IRS Announces New Procedures for U.S. Citizens Residing Overseas Who Have Not Filed Tax Returns and Reported Income

The IRS has long been aware of U.S. taxpayers living overseas who have not filed federal income tax returns or Reports of Foreign Bank and Financial Accounts (“FBARs”).  Earlier this year, the IRS announced the reopening of its successful Offshore Voluntary Disclosure Program (“OVDP”) allowing individuals with unreported foreign bank account income to come forward and report this income, and to pay the related tax, interest and certain reduced civil penalties, but without criminal prosecution.   The IRS has now announced a new alternative compliance procedure designed to provide certain non-resident U.S. taxpayers with a streamlined procedure to file their delinquent federal income tax returns and/or FBARs, without having to go through the OVDP process.  This new procedure is effective September 1, 2012.

Generally, an individual is taxed on income earned if the taxpayer is deemed to be a U.S. citizen, resident alien or non-resident alien.  U.S. citizens and resident aliens are taxed on their worldwide income whether they reside in the U.S. or abroad using the rates specified in the Internal Revenue Code.  U.S. citizens and resident aliens working abroad must compute their tax liability similarly as those taxpayers working solely in the United States.  Non-resident alien individuals who are engaged in a trade or business in the U.S. are taxed in the same fashion as U.S. citizens and resident aliens on income which is effectively connected with the conduct of a trade or business within the United States.  Thus, all individuals are required to annually file a federal income tax return on income earned whether inside or otherwise the U.S.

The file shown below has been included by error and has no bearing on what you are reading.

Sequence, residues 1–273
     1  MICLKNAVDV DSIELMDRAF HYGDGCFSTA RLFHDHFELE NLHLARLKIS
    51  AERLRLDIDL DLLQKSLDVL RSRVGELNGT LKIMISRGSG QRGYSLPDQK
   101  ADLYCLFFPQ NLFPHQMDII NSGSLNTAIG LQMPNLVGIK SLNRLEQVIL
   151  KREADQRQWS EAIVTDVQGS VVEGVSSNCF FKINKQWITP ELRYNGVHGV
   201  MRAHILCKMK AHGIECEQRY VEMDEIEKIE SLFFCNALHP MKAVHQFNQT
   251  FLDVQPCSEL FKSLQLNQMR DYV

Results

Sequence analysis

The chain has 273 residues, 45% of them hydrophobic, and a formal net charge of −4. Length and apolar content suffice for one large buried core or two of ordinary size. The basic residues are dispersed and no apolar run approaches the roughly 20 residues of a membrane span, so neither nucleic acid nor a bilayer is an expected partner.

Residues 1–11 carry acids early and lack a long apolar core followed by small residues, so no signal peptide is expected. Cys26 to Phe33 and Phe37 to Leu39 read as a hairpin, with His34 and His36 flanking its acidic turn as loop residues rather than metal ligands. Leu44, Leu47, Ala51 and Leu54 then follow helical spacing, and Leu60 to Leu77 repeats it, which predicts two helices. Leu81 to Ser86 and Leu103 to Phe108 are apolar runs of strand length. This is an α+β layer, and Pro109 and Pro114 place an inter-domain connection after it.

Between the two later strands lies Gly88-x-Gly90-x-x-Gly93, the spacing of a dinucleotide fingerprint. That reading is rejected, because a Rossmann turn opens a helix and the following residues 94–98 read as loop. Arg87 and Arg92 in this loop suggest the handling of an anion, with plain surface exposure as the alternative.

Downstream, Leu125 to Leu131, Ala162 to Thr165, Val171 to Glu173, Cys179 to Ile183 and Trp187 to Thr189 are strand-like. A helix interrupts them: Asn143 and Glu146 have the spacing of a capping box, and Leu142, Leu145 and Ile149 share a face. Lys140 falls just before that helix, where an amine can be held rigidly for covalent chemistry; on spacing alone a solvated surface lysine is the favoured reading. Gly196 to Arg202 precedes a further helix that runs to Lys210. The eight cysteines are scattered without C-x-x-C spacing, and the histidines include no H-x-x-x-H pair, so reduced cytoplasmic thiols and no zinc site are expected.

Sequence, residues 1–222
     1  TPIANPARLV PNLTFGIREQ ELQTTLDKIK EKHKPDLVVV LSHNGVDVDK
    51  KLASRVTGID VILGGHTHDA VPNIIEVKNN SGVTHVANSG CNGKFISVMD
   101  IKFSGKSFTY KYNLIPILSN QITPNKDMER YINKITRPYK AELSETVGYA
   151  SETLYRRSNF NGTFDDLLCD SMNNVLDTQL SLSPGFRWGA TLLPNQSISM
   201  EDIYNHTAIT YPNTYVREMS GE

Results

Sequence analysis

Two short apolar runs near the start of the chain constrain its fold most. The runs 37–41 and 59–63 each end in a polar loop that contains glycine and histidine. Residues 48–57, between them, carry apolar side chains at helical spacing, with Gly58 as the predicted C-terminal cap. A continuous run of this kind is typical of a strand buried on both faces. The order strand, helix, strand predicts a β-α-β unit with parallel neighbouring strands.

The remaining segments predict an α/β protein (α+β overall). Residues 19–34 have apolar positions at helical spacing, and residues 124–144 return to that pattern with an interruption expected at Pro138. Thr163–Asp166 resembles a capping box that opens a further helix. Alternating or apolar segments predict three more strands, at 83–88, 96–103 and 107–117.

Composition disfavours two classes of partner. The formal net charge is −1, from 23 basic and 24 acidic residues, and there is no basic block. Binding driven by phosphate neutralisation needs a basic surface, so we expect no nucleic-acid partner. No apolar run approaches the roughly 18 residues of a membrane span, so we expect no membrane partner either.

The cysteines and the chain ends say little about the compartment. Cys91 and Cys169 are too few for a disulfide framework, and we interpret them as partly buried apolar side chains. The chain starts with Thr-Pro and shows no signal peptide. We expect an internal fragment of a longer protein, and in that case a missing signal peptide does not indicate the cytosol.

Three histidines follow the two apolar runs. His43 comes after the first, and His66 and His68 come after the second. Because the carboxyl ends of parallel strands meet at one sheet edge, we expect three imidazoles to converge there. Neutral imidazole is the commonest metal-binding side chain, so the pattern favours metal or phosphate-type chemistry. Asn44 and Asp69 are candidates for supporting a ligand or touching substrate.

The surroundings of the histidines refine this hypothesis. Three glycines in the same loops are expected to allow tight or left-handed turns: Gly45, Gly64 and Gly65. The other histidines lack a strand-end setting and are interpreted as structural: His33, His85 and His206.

Moreover, a U.S. person who has a financial interest in or signature authority over a foreign financial account must file an FBAR if the aggregate value of the foreign financial accounts exceeds $10,000 at any time during the calendar year.  A U.S. person is defined as a U.S. citizen, resident alien, or any entity, including a corporation, partnership, trust or limited liability company, organized or formed under U.S. laws or the law of any State, the District of Columbia, or U.S. territories.  A “foreign financial account” is any financial account located outside the U.S.  A U.S. person has a financial interest in a foreign financial account for which: (1) the U.S. person is the owner of record or holder of legal title, regardless of whether the account is maintained for the benefit of the U.S. person or for the benefit of another person; or (2) the owner of record or holder of legal title is one of certain listed entities, which include (a) an agent, a nominee, attorney, or a person acting in some other capacity on behalf of the U.S. person with respect to the account, or (b) certain entities controlled by the U.S. person.